Building on a series of SGCC-sponsored focus groups last fall, the report examines consumers’ attitudes toward their electrical needs and smart grid initiatives. Among the major findings:
- There exists an energy "knowledge gap" in the United Staets, with few "energy literate" consumers. The report finds that "only a small percentage of consumers have knowledge or awareness of how power is generated and distributed." Moreover, among those who have heard of Smart Grid, "few have an accurate understanding of its meaning or the implications of failing to modernize the grid."
- At the same time, concern over climate change, energy security, and global competitiveness have made more consumers receptive to learning about energy. But consumer interest "is centered on relationships, financial arrangements, and usage, rather than deep technical understanding of electricity and the delivery system."
- Personal values and priorities more accurately define consumer segments than factors such as age or income -- suggesting that consumer motivations are more predictive of a willingness to adopt smart energy practices than traditional demographics.
- Multiple pilots show that the combination of price signals and feedback devices results in significant behavior shifts. For maximum impact, options and interfaces must evolve to meet the needs of less technically-oriented consumers.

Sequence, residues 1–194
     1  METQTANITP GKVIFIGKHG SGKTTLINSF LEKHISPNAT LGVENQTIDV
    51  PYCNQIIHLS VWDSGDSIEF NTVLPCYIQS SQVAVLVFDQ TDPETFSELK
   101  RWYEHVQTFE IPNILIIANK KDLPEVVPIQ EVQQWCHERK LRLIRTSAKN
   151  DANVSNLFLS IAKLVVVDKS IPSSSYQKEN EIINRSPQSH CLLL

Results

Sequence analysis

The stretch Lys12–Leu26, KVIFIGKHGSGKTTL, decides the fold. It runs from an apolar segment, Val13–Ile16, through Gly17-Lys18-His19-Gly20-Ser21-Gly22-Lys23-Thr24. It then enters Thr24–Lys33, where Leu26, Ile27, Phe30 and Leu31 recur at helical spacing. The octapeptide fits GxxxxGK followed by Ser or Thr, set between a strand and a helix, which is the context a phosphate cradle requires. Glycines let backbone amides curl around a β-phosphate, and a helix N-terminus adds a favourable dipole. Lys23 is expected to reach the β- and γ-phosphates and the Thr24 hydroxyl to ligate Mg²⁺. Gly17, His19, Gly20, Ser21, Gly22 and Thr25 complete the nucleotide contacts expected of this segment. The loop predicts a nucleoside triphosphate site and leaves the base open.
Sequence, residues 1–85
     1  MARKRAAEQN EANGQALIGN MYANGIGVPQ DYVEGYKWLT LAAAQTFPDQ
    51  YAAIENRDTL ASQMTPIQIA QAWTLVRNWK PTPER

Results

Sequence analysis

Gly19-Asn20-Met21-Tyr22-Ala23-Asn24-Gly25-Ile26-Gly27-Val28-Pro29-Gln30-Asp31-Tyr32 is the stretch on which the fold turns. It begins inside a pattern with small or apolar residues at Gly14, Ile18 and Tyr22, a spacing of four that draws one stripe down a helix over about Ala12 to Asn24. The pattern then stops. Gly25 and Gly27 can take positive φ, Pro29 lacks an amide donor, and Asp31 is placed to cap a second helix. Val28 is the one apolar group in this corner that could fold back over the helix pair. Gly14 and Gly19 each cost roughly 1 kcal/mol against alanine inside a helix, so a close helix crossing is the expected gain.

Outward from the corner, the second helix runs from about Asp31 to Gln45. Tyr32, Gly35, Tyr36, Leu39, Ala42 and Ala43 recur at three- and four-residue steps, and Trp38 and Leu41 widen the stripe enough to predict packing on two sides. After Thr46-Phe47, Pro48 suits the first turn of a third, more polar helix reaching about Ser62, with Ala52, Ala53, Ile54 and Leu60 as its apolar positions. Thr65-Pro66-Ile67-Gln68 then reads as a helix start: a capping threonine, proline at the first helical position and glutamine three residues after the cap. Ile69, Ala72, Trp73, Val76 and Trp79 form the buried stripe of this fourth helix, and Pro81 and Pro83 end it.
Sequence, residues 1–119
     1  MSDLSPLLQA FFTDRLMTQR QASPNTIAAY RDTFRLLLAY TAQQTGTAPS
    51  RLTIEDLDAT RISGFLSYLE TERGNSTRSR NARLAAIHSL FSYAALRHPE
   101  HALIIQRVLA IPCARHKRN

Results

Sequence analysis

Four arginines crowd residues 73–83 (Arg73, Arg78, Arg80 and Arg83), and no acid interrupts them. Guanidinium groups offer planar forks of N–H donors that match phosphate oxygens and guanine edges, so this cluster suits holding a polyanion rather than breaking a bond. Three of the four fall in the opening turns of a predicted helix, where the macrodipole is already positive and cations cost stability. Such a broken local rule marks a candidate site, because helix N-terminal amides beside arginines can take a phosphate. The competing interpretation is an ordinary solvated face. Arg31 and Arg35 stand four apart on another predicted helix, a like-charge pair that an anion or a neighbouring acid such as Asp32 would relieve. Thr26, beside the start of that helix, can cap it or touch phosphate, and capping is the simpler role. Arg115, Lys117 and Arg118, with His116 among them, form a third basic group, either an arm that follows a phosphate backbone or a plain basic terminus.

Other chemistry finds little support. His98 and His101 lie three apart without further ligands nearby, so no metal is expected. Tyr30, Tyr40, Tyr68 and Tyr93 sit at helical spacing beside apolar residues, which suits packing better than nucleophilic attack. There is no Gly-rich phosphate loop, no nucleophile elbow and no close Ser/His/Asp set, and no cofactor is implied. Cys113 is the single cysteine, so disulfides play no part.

Not surprisingly for a stakeholder organization committed to promoting consumer acceptance of the the Smart Grid concept, the SGCC report focuses on consumer education and outreach -- and outreach focused on realistic view of consumer attitudes.
In other words, "requests to change or modify [consumer] behavior must come from [consumer] perspectives." Consumers’ varied views of the benefits of Smart Grid "do not always align with utilities, technology vendors, or the formal positions of consumer advocates." Thus, SCGG calls for more research to clarify where the similarities and differences exist. And utilities will need a portfolio of programs and pricing options to meet the needs and priorities of their customers:
"While some will be motivated by comparisons with the neighbors, others will find those reports unfair. Price nudges matched with the right technology will be the compelling motivators for still others. Simple choices, that are not overwhelming, will allow consumers to pick what works for their families."
The study finds that consumers do see value in operational benefits and increased reliability, but utilities have not always focused on explaining thiese benefits from the public’s perspective. Thus, when consumers are asked to pay for grid enhancements, they (not unreasonably) "expect visibility as to how they would share in or benefit from significant operational savings." The report concludes that, while attempting to quantify consumer attitudes is valuable, "it is always good practice to speak directly with consumers whenever possible."
That last point may seem both obvious and a truism. But as readers of this blog will attest, the failure of utilities to communicate with their customers -- more than any "literacy gap" -- probably is the key explanation for widespread resistance to the Smart Grid concept among utitility customers. The SGCC report clearly is a reflection of -- and an attempt to respond to -- that reality.